From the Percy Society Publications, xvii. 71. The same in Buchan, ii. 206. The ballad is given in Sharpe's _Ballad Book_, under the title of _Dysmal_, and by Aytoun, _Ballads of Scotland_, 2d ed., ii.
173, under that of _Lady Daisy_. All these names are corruptions of Ghismonda, on whose well-known story (_Decamerone_, iv. 1, 9) the present is founded.--This piece and the next might better have been inserted at p. 347, as a part of the Appendix to Book III.
There was a king, an' a curious king, An' a king o' royal fame; He had ae dochter, he had never mair, Ladye Diamond was her name.
She's fa'en into shame, an' lost her gude name, 5 An' wrought her parents 'noy; An' a' for her layen her luve so low, On her father's kitchen boy.
Ae nicht as she lay on her bed, Just thinkin' to get rest, 10 Up it came her old father, Just like a wanderin' ghaist.
"Rise up, rise up, ladye Diamond," he says, "Rise up, put on your goun; Rise up, rise up, ladye Diamond," he says, 15 "For I fear ye gae too roun'."
"Too roun I gae, yet blame me nae; Ye'll cause me na to shame; For better luve I that bonnie boy Than a' your weel-bred men." 20
The king's ca'd up his wa'-wight men, That he paid meat an' fee: "Bring here to me that bonnie boy, An' we'll smore him right quietlie."
Up hae they ta'en that bonnie boy, 25 Put him 'tween twa feather beds; Naethin' was dane, nor naethin' said, Till that bonnie bonnie boy was dead.
The king's ta'en out a braid braid sword, An' streak'd it on a strae; 30 An' thro' an' thro' that bonnie boy's heart He's gart cauld iron gae.
Out has he ta'en his poor bluidie heart, Set it in a tasse o' gowd, And set it before ladye Diamonds face, 35 Said "Fair ladye, behold!"
Up has she ta'en this poor bludie heart, An' holden it in her han'; "Better luved I that bonnie bonnie boy Than a' my father's lan'." 40
Up has she ta'en his poor bludie heart, An' laid it at her head; The tears awa' frae her eyne did flee, An' ere midnicht she was dead.
THE WEST COUNTRY DAMOSELS COMPLAINT.
From Collier's _Book of Roxburghe Ballads_, p. 202.
After a broadside "printed by P. Brooksby, at the Golden Bull in Westsmith-field, neer the Hospitall Gate." The first ten or twelve stanzas seem to be ancient.
"When will you marry me, William, And make me your wedded wife?
Or take you your keen bright sword, And rid me out of my life."
"Say no more then so,[L5] lady, 5 Say you no more then so, For you shall unto the wild forrest, And amongst the buck and doe.
"Where thou shalt eat of the hips and haws, And the roots that are so sweet, 10 And thou shalt drink of the cold water That runs underneath your feet."
Now had she not been in the wild forrest Passing three months and a day, But with hunger and cold she had her fill, 15 Till she was quite worn away.
At last she saw a fair tyl'd house, And there she swore by the rood, That she would to that fair tyl'd house, There for to get her some food. 20
But when she came unto the gates, Aloud, aloud she cry'd, "An alms, an alms, my own sister!
I ask you for no pride."
Her sister call'd up her merry men all, 25 By one, by two, and by three, And bid them hunt away that wild doe, As far as e'er they could see.
They hunted her o're hill and dale, And they hunted her so sore, 30 That they hunted her into the forrest, Where her sorrows grew more and more.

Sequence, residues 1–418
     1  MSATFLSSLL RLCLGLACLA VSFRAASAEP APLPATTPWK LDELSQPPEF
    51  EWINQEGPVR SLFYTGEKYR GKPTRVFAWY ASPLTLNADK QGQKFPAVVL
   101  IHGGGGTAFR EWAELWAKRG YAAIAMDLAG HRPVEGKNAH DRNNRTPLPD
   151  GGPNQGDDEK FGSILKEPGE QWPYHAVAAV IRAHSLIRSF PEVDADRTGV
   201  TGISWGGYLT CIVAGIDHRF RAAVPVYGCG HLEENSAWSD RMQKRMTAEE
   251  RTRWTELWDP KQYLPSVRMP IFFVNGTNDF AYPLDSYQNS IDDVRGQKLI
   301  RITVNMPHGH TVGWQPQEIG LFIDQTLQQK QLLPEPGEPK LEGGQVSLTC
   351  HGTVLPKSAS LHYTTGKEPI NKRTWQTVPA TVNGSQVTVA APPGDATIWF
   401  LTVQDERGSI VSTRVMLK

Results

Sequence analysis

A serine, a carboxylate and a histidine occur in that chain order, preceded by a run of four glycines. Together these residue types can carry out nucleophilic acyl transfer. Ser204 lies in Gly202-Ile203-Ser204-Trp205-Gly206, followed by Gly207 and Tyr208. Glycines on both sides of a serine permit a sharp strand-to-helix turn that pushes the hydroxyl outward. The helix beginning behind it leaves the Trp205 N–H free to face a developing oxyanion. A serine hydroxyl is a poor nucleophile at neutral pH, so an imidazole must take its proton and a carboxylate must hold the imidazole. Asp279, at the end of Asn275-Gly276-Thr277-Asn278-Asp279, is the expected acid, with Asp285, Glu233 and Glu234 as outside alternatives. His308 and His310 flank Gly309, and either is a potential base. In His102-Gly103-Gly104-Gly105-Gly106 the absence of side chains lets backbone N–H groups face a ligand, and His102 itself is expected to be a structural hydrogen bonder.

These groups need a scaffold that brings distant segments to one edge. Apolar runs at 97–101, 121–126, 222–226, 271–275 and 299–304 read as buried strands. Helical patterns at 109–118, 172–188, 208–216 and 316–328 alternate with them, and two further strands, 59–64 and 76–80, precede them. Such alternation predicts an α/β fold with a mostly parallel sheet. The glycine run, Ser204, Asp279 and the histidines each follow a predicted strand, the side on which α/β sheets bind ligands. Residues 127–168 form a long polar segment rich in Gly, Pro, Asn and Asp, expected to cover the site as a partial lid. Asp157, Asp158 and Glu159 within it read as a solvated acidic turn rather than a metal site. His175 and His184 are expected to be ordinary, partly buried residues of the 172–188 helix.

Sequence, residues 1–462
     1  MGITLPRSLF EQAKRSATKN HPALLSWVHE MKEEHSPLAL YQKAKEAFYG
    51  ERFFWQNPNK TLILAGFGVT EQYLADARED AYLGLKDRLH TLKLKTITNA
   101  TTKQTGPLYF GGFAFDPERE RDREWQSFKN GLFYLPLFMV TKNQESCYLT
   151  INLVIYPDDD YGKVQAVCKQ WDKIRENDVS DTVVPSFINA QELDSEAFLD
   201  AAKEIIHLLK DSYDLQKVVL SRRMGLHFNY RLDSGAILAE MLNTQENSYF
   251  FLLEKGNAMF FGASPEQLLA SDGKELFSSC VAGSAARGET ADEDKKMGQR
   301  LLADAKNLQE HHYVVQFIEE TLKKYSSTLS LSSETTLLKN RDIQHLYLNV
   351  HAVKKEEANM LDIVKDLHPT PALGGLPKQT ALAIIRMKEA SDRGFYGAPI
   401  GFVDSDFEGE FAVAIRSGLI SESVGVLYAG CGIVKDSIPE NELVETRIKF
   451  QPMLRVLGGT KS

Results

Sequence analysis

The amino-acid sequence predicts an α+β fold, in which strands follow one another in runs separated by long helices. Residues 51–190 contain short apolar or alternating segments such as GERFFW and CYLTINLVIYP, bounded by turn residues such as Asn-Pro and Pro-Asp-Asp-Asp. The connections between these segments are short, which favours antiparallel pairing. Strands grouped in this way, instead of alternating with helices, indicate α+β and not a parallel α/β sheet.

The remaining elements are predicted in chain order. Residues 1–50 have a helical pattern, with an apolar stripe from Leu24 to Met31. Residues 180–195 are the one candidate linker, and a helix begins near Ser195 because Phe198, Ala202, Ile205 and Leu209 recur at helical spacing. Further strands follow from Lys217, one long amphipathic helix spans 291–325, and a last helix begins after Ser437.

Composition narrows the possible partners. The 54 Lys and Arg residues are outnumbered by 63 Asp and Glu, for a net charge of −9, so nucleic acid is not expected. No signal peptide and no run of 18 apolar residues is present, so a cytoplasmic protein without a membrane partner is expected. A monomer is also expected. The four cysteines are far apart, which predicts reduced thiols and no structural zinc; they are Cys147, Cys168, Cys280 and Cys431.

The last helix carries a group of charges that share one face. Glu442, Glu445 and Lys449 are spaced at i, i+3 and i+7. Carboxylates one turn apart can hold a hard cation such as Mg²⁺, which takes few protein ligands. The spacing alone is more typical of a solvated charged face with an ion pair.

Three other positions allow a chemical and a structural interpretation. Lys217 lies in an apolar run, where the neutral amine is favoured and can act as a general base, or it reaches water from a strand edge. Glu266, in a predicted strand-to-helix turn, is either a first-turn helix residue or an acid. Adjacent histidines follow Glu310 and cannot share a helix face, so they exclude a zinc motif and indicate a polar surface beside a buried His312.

She laid a stone all at her head, And another all at her feet, And down she lay between these two, 35 Till death had lull'd her asleep.
When sweet Will came and stood at her head, And likewise stood at her feet, A thousand times he kiss'd her cold lips, Her body being fast asleep. 40
Yea, seaven times he stood at her feet, And seaven times at her head; A thousand times he shook her hand, Although her body was dead.
"Ah wretched me!" he loudly cry'd, 45 "What is it that I have done?
O wou'd to the powers above I'de dy'd, When thus I left her alone!
"Come, come, you gentle red-breast now, And prepare for us a tomb, 50 Whilst unto cruel Death I bow, And sing like a swan my doom.
"Why could I ever cruel be Unto so fair a creature; Alas! she dy'd for love of me, 55 The loveliest she in nature!
"For me she left her home so fair To wander in this wild grove, And there with sighs and pensive care She ended her life for love. 60
"O constancy, in her thou'rt lost!
Now let women boast no more; She's fled unto the Elizian coast, And with her carry'd the store.
"O break, my heart, with sorrow fill'd, 65 Come, swell, you strong tides of grief!
You that my dear love have kill'd, Come, yield in death to me relief.
"Cruel her sister, was't for me That to her she was unkind? 70 Her husband I will never be, But with this my love be joyn'd.
"Grim Death shall tye the marriage bands, Which jealousie shan't divide; Together shall tye our cold hands, 75 Whilst here we lye side by side.
"Witness, ye groves, and chrystal streams, How faithless I late have been; But do repent with dying leaves Of that my ungrateful sin; 80
"And wish a thousand times that I Had been but to her more kind, And not have let a virgin dye, Whose equal there's none can find.
"Now heaps of sorrow press my soul; 85 Now, now 'tis she takes her way; I come, my love, without controule, Nor from thee will longer stay."
With that he fetch'd a heavy groan, Which rent his tender breast, 90 And then by her he laid him down, When as Death did give him rest.
Whilst mournful birds, with leavy bows, To them a kind burial gave, And warbled out their love-sick vows, 95 Whilst they both slept in their grave.
5, so then.
THE BRAVE EARL BRAND AND THE KING OF ENGLAND'S DAUGHTER. See p. 114.